Can I be condemned only by my thoughts? (without doing any bad deed)
Note: This question is related to another question on this site
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I would approach from an answer from a moral philosophy perspective based on fact patterns that could substantiate theoretically moral wrong which gives me the cue that, in fact, certain states of mind (thoughts) could arguably deemed sins from a stand point of religion:
In general a thought directed to committing a crime and knowing that a crime would be committed if such thought would manifest in action will not be a crime if it is not followed by action aimed at committing the crime.
However, if the reason is such that is outside of the control of the mind, for e.g. the state of mind is of such determination that action would follow the thought to manifest within a subjectively defined period of time, and manifest crime would ensue absent the sudden and unexpected death of a sinner-to-be, the wrong is equal morally on them as if such unexpected circumstance would not impeded the manifestation of the moral wrong.
A more halachic hypothetical relates to a question I discussed with my hazan recently:
If, instead of using Siri, you would be able to turn on the lights at home on Shabbat by a simple brain chip, would that be labor and therein a sin? Clearly.
Since even if you use Siri, you may say words that, if a phone is not present to cause the lights to turn on, would not be a sin. Just because you use different body parts to cause change in the world of nature that is inappropriate on Shabbat, it is still inappropriate. So what was the difference with the phone being present and not for one to be deemed to have sinned? The state of mind. The fact you knew the phone was there and still said what you knew would cause such change in the world that is inappropriate.
To further this and in a sense return to the first hypothetical: What if the state of mind is such that includes the (incorrect) information that the phone is on, and the determination to cause the phone to cause the lights to turn on manifests in action and the proper commands are said, but the lights not turn on merely for the reason that the battery of the phone depleted? In half jest: A sinner is born.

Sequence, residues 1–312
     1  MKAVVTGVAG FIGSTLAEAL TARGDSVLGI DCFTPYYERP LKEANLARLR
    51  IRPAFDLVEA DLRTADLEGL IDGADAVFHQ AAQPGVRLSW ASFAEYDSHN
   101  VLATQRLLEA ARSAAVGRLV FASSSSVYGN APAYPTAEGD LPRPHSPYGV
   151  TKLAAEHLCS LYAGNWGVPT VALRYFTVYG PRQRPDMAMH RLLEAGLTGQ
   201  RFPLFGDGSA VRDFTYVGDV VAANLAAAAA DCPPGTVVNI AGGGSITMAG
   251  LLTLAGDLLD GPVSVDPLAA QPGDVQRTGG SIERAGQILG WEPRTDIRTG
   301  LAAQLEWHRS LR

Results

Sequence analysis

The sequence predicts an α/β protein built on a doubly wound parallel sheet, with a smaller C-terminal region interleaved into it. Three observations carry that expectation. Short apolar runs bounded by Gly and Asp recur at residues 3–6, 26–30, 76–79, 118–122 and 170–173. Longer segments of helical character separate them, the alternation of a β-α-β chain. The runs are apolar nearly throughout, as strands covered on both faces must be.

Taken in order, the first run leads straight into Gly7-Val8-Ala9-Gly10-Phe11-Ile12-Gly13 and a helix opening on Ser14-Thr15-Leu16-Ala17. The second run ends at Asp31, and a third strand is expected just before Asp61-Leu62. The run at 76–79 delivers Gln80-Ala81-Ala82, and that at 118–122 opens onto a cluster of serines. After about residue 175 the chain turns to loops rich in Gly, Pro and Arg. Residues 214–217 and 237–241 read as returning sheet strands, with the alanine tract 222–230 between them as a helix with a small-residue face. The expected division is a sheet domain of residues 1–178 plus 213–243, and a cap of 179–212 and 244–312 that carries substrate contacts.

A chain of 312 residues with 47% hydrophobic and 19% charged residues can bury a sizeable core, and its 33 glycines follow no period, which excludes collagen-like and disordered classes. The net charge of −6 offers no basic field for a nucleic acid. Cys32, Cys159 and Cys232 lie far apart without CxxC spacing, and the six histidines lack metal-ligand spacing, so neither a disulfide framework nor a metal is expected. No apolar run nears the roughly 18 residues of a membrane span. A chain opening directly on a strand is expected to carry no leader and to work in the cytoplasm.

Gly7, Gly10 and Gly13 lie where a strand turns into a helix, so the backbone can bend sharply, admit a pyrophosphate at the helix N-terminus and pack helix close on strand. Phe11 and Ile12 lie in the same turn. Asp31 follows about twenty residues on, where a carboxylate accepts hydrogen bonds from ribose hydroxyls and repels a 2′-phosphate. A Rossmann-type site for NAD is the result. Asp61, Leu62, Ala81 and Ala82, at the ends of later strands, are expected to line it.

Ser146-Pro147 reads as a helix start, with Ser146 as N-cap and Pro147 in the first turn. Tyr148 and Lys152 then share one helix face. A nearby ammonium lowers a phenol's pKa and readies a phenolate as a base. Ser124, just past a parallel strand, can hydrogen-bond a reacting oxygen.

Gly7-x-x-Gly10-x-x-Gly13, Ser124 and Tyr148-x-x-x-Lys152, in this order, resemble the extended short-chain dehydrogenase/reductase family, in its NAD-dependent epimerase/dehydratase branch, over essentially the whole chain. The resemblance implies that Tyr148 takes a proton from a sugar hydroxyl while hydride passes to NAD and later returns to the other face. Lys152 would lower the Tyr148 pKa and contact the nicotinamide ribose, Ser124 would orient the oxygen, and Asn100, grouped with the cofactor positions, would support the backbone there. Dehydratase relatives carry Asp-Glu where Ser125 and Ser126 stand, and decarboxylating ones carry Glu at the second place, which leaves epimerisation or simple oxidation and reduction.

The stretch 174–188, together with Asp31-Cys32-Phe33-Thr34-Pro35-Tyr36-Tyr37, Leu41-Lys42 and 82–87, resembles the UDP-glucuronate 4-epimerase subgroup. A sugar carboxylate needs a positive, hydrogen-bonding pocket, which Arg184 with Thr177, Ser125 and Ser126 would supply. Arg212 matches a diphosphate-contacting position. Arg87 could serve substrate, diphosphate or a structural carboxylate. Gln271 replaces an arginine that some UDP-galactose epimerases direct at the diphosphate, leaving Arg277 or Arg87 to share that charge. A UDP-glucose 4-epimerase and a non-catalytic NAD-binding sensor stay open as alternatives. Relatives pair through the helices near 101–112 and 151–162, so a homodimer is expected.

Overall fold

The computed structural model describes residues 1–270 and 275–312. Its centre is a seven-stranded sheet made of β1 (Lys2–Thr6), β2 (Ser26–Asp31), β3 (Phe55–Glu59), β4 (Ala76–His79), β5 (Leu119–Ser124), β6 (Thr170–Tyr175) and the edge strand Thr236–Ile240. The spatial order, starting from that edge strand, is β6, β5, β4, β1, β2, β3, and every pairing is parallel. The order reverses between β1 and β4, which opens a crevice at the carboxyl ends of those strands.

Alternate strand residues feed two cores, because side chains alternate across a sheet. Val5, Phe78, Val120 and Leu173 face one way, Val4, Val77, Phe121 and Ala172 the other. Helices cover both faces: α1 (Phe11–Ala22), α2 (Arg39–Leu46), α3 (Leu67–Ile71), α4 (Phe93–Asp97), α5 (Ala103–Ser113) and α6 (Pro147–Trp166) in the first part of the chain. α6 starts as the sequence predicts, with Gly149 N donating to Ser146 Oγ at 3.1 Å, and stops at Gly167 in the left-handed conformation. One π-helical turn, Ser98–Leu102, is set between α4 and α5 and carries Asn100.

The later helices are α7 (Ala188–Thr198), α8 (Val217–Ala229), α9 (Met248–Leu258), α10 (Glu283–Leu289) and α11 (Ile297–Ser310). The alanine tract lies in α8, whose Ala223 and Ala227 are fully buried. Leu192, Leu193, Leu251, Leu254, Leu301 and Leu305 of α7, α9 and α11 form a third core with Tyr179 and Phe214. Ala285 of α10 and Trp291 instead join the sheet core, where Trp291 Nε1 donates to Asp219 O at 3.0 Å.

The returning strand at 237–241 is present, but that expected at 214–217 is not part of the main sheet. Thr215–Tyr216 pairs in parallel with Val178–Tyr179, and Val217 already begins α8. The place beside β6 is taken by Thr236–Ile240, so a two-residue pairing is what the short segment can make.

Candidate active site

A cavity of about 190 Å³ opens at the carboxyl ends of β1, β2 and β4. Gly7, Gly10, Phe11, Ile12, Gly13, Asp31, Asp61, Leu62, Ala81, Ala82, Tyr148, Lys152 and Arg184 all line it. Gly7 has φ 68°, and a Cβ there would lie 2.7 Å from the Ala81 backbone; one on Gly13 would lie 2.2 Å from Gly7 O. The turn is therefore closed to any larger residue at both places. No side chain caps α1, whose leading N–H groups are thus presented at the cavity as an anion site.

To look at the silent-Siri fact pattern again, let’s presume the same fact pattern, but consider this: Does merely thinking “I want Siri to turn on the lights” or “I should get Siri turn on the lights” are divisible from “Siri turn on the lights” or “Let there be light”. The former are of contemplative in nature the later are not only reflections of determination, but are manifest actions in the mind (presuming you know such technology is available to you and therefore you have the belief such sentences will cause action).
Now if the phone was dead unbeknownst to you, and you still pronounce the sentence (mentally) or manifest mental action otherwise absent the linguistic concepts like how you call your arms to action, it will still remain equally wrong morally or sinful from a halachic perspective as if the battery would be sufficiently charged and the phone was operable to carry out the mental command.
If these hypotheticals feel “less than thin air” you may consider similar fact patterns where capital sins or crimes are induced in similar technological context: Turning off autopilot or self-driving on a vehicle transporting at high speeds its otherwise unconscious single occupant by a “spell of thought”.
But, as you can see, in each of these cases we have had to consider the a determined state of mind or such actually bringing change in the world outside of the mind.
While it appears clear to me, that by any moral or religious standards, the determined or acting mind cannot, but be deemed prone to condemnable, but the contemplating one does not seem plausibily fallible to these arguments.